Israeli Prime Minister Naftali Bennett said on Monday that Israel would approve a “national plan” for the Golan Heights in six weeks’ time, calling the development of the area a “strategic goal” for the country.
“Exactly 40 years ago, the government of Israel, led by Menachem Begin, made an incredibly brave and important decision: to apply Israeli law to the Golan Heights,” said Bennett at the Makor Rishon Golan Heights Economic and Regional Development Conference in the southern Golan town of Hispin.
The premier noted that while there was “wall-to-wall agreement” regarding the Golan Heights, with the slogan, “The People are with the Golan” being familiar to every Israeli child, the Golan’s potential was far from being realized.
“It is not enough to say, ‘The people are with the Golan Heights.’ The people need to be on the Golan Heights. And for this, the government also needs to be [there]. And today there is such a government,” said Bennett. He added that Israel needs to encourage those who sought and seek to build a life in the Golan “in every way.”
Prior to the conference, said the prime minister, he had met with regional council heads and businesspeople, reiterating that the government’s goal was to double the communities of the Golan.
“My directive in this context is unequivocal,” he said.
“In six weeks, we will hold a Cabinet meeting at which we will approve a national plan for the Golan Heights. Our goal is to double, and double again, the number of residents in the Golan Heights. The establishment of two new communities, jobs and more investments in infrastructure,” said the prime minister.
The government is working on a plan that will change the face of the Golan, said Bennett, and will allocate the necessary resources to implement it.
“This is the obligation of the government that I lead—and we will live up to it,” he said.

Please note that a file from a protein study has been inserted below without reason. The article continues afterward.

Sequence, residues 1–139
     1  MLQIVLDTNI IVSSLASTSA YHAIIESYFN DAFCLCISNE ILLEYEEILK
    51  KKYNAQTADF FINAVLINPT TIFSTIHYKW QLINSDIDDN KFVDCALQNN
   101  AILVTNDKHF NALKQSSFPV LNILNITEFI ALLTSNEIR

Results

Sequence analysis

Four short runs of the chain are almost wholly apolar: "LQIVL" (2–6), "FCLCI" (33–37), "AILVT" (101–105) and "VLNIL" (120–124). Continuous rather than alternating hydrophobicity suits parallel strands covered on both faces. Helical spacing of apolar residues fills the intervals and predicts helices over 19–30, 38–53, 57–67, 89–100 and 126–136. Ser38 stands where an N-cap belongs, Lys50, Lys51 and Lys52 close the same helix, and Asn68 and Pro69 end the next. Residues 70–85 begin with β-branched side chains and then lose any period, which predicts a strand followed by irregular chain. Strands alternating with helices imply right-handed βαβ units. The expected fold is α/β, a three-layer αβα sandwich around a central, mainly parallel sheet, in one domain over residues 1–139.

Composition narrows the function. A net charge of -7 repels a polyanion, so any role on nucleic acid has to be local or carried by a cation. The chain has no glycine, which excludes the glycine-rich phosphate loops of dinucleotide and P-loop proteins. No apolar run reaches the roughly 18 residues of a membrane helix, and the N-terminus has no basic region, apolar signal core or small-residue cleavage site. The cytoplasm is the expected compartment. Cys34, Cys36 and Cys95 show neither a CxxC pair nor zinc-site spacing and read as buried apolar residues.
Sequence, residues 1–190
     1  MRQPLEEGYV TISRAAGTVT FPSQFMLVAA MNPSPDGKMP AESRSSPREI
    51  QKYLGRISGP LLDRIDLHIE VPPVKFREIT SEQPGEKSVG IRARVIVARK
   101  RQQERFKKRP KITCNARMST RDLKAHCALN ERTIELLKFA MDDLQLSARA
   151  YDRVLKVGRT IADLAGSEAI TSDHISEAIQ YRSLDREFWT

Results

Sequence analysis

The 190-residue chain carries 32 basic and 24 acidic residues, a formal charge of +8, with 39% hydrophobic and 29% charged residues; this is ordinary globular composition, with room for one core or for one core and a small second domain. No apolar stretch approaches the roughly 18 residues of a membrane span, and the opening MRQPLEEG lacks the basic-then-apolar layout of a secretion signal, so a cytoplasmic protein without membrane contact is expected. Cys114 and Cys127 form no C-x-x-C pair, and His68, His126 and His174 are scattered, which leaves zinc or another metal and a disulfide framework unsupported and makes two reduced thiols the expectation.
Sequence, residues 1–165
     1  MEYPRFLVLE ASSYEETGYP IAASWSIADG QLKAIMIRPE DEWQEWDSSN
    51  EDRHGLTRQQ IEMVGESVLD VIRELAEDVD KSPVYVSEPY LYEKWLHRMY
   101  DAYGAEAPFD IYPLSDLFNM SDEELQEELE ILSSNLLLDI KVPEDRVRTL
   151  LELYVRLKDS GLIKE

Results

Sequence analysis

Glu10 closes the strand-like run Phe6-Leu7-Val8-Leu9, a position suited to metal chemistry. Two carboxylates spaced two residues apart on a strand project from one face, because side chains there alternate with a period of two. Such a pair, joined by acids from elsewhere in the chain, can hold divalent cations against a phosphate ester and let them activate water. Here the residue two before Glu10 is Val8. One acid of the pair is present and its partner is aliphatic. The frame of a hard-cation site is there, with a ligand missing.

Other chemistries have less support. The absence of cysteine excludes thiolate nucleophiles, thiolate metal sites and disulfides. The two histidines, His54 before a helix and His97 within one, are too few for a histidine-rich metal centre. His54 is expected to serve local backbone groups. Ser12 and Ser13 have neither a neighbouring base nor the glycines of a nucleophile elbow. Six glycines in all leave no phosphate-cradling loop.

From the Golan, Bennett then addressed the situation in adjacent Syria, saying that Israel was closely monitoring the situation there.
“For more than a decade, Syria has not known stability,” said Bennett. “We are closely—very closely—monitoring what is happening in Syria, and its ties with Iran. Iran, which has dispatched proxies and built armies to surround the State of Israel, aspires to build yet another army on the border of the Golan Heights,” he added.
Israel, he went on, would continue to act “wherever and whenever necessary, at our initiative and on a daily basis,” in order to roll back Iran’s presence in the country. The Iranians, he said, “have nothing to look for there. Their adventure on our northern border needs to end. Thus, we will ensure not only the peace of the residents of the Golan Heights but that of all citizens of Israel.
Bennett emphasized, however, that Israel’s position on the Golan Heights was not connected to the Syrian situation.
“True, the horrors that have been taking place there [in Syria] for a decade have convinced many in the world that perhaps it is preferable that this beautiful and strategic piece of land be in the hands of the State of Israel—that it is preferable that it be green and prosperous, rather than yet another arena for killings and bombings.
“But even in the situation, which could happen, in which the world changes direction regarding Syria, or regarding the Assad regime, this has no connection to the Golan Heights. The Golan Heights is Israel, period.”